“FOMO is what happens when I neglect to make decisions that were necessary only to discover that I let FEAR get in the way”

I’m officially exhausted by the amount of acronyms floating around that attempt to describe every condition and situation we experience. I can’t say that some of them don’t make sense but some are used flippantly in an attempt to minimize the effect or importance of a situation.

I want to talk about two of these acronyms because they are subtle drivers in our lives and how we run our businesses and manage our relationships.

FOMO is one that you are likely familiar with but may not have really thought about recently. FOMO or Fear Of Missing Out is all about the anxiety and feelings we experience around the idea that we might be missing out on more important things than what we are currently doing.

It’s hard to say when it first came on the scene and who actually coined the phrase. Credit goes back as far as 1996 and it has sprung up in various stories within the last few years. The resurgence of its popularity is due to the social media craze we’re all a part of.

Recently FOMO has been characterized as a social disorder. Wow, wasn’t expecting that but then again think about how you feel when you see posts on LinkedIn, Twitter, Facebook and other places, from colleagues, competitors and even broken relationships? Some make us feel anxious that we’re not engaged or involved. Others certainly make us thankful as well.

FOMO is also a major distraction. FOMO is really about the incessant behavior we display of comparing ourselves to others. It’s our discontentment with a current situation and the ongoing thought that there is something just out of reach. It distracts us from focusing on the now. It deters us from executing on plans that can create value now or in the near term. FOMO keeps us looking elsewhere and takes our eye off the ball.

The other one we need to get under control is FEAR. I suspect we all have a specific definition for this word in our heads when we hear it. It means something slightly different to each person. I first heard an interesting use of the word as an acronym a few years back in a leadership discussion. The speaker explained FEAR as “False Evidence Appearing Real”.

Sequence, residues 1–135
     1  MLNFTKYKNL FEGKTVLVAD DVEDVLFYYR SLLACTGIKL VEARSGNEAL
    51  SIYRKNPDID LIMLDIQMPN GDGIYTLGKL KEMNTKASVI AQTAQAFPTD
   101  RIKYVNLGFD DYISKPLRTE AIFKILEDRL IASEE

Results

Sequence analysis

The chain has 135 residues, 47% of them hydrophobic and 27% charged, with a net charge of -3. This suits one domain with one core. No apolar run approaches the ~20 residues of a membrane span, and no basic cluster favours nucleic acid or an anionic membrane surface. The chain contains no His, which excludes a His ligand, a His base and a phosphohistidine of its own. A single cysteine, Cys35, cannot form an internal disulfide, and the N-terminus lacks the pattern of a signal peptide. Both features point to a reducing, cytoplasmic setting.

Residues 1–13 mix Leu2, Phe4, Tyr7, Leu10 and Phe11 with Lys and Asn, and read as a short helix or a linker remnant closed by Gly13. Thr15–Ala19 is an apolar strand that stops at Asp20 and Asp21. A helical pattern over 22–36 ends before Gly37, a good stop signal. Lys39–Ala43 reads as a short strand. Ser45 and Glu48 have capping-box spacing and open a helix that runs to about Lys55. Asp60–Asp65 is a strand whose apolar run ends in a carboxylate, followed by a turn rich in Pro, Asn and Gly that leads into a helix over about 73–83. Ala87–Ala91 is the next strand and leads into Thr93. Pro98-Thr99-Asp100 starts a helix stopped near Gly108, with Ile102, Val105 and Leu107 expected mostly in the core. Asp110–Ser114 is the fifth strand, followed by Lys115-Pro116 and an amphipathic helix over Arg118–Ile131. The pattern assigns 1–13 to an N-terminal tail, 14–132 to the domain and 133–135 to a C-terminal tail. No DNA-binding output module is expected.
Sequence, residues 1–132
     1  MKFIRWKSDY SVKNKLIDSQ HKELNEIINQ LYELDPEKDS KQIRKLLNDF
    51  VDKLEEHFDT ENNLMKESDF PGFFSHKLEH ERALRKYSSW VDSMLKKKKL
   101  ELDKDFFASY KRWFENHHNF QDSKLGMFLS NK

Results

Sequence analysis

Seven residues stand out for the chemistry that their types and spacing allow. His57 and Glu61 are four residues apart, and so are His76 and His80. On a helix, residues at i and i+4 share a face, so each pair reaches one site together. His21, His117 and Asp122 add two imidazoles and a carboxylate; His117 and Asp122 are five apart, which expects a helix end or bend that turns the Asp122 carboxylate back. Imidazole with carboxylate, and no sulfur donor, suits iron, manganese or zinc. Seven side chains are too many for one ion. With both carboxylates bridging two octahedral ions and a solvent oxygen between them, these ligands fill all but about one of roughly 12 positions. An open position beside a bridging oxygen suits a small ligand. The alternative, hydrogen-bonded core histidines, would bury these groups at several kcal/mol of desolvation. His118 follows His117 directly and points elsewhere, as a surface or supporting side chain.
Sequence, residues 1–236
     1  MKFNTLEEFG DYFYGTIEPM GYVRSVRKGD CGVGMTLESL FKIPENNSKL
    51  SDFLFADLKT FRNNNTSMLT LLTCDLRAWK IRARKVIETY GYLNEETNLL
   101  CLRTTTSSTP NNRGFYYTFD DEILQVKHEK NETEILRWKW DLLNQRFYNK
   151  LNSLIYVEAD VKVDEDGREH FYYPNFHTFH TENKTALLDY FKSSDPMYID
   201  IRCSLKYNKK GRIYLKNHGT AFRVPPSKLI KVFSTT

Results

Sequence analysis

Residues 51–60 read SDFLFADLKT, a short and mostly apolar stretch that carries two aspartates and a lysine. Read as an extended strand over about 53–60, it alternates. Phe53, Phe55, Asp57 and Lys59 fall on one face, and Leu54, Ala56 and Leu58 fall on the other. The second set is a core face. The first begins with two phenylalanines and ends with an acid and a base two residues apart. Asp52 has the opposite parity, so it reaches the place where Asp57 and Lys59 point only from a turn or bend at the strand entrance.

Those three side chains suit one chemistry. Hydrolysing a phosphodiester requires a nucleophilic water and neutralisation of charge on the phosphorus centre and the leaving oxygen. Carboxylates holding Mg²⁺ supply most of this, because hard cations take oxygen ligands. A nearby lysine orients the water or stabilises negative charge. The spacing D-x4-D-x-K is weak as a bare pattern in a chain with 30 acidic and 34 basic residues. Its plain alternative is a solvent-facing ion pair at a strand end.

This really made sense to me. The more I thought about it that way the more I agreed that a good portion of my fear of a given situation is often driven by the unknown or more importantly, not really piecing together the information correctly and therefore arriving at my own assumptions. I sometimes confuse the facts and blur the lines and need to step back to see things for what they are.

Of course, you can still have all the facts absolutely lined up and still have some serious fear going on but the way it was presented when I first heard it explained this way and the manner in which it is used in this context is about poor decision-making being driven by the lack of accurate information. To take it one step further, it isn’t just the lack of accurate info but it can also be neglecting to correctly interpret the info you have before you.

A couple examples of how these two work hand in hand would look like the following:

Example #1

FEAR (False Evidence Appearing Real) is neglecting to make necessary investments to drive change when your organization’s mood says one thing but your market says another.

FOMO (Fear Of Missing Out) then sets in when you see your competitor having made the investment you were planning and they’re now getting positive results, or so it seems.

 Example #2

FEAR often leads to making changes to the team because we’ve confused our failures with someone else’s.

FOMO is the remorse of realizing that we could have invested more in that person and been a better leader.

Both FOMO and FEAR can also be motivators to do the right things. I suspect you thought that as well when reading this. Indeed, that is the opportunity we have with anything that presents a challenge.

We likely don’t refer to our emotional state or thinking in the form of an acronym but the principles exist and the reality that one of these is now viewed as a social disorder speaks volumes about the way we are beginning to characterize ourselves.

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